Granted, Nanette's experience also included significant and painful post-operative complications, and although she lost more than 100 pounds, her general experience with the surgery was frustrating. Students (some of whom probably struggle with their own body image issues!) were not her best resource for abdominal work. But it is still an important goal for us to help our clients feel supported as full and beautiful whole beings, not as disintegrated, disconnected parts.
Massage is finding a place in many traditionally medical niches, including in the context of surgery. It is not unusual now to find therapists delivering pre-surgical massages for stress reduction, and post-surgical sessions for pain, improved sleep and general discomfort. Obviously modalities must be adapted to meet the resilience of the patients.
For clients who have had bariatric surgery, abdominal work clearly must be done with extra care. Nanette obviously needs a therapist with patience and expertise if she is ever to be comfortable with receiving even non-moving touch on her abdomen. Other clients will also appreciate the value of confident, sensitive, gentle strokes on their bellies.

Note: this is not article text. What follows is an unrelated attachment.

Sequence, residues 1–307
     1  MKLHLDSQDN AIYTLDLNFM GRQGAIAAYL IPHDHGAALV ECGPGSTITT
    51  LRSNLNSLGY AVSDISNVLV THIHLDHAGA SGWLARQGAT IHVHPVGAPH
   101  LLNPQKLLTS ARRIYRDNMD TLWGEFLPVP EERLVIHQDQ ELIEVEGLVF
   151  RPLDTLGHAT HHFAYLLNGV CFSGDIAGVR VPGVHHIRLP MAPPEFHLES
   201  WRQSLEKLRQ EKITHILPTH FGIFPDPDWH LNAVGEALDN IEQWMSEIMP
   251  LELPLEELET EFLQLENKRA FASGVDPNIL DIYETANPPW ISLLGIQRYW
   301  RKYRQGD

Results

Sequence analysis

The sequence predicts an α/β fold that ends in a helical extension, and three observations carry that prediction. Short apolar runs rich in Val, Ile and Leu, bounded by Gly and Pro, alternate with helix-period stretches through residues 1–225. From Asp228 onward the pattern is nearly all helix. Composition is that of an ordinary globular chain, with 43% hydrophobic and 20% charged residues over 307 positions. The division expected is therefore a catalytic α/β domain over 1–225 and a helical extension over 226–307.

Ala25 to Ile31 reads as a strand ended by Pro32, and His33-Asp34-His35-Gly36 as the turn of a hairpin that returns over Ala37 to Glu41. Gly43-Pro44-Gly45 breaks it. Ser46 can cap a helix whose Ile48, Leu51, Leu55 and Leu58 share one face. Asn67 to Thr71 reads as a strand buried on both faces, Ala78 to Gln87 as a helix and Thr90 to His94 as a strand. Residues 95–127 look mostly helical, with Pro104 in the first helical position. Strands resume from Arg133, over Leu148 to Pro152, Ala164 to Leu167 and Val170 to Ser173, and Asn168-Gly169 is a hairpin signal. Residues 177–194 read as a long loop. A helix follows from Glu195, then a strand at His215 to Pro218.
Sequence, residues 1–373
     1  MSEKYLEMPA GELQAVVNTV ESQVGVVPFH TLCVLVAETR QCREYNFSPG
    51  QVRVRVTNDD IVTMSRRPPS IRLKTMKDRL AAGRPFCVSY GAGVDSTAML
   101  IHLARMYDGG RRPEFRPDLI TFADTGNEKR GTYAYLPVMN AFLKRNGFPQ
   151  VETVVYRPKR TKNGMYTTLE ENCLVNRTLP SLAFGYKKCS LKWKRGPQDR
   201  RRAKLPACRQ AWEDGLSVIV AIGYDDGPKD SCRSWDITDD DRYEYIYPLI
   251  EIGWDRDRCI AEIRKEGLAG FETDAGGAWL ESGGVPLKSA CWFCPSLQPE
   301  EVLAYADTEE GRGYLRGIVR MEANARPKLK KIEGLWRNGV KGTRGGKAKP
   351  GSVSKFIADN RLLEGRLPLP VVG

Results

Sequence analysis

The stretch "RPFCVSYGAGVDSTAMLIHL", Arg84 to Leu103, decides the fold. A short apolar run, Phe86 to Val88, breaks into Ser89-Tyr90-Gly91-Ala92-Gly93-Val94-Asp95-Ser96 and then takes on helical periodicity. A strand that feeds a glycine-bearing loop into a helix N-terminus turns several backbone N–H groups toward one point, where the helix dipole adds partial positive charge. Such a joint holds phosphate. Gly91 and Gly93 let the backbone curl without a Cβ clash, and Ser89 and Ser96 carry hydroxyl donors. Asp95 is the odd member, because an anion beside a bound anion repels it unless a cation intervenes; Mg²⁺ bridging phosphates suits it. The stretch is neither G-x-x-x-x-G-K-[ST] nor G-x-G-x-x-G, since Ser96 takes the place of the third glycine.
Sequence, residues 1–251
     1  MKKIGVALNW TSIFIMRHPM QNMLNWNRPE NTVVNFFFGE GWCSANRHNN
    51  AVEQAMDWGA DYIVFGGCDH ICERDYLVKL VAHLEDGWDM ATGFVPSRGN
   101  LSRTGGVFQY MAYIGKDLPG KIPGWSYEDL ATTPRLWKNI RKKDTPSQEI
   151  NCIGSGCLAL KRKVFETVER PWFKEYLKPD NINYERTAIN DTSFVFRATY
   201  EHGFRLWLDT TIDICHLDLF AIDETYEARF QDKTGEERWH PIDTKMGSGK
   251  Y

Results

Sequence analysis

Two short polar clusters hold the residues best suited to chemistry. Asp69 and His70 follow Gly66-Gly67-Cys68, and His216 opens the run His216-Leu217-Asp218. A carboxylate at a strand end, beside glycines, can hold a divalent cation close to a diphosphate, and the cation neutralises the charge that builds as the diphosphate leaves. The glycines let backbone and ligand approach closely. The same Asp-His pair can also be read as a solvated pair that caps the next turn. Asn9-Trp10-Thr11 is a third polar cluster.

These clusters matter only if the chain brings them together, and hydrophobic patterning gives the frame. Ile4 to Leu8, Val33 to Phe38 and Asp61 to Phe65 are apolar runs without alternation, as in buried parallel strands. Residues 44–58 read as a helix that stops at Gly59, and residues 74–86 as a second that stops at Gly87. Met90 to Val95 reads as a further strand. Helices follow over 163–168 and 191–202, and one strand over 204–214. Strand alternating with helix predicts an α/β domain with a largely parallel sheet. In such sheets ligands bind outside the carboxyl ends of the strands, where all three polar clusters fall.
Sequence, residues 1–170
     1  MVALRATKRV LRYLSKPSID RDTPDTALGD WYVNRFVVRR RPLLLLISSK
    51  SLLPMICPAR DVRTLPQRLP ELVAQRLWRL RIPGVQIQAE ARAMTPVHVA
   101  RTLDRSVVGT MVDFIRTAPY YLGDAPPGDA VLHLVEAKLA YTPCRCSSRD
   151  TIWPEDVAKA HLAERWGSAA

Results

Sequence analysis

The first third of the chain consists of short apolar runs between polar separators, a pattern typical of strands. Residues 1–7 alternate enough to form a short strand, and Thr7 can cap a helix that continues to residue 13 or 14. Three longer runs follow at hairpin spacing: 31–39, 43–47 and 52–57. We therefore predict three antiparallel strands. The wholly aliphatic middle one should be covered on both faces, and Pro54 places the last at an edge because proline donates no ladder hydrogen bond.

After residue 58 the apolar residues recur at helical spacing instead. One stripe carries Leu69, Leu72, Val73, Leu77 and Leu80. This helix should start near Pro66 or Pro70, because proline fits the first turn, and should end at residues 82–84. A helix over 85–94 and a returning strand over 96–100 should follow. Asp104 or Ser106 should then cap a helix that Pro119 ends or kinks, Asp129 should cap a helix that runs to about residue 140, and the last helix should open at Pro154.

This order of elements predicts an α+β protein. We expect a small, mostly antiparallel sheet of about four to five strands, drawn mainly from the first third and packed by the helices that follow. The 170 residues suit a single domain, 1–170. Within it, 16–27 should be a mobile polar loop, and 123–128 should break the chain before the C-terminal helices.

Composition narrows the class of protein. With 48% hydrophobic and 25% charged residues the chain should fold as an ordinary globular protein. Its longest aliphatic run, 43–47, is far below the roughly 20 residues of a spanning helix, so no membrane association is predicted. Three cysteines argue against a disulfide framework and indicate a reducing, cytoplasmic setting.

Our unique ability to offer positive, therapeutic, nonjudgmental touch to our clients who do not fit our culture's expectations for normal size or appearance is an incomparable gift. Whether our clients consider bariatric surgery or not, we can provide a welcoming, accepting environment that will be much appreciated.
For next time: The floor is open, readers! Let me know, what's on your table? Until then, many thanks and many blessings.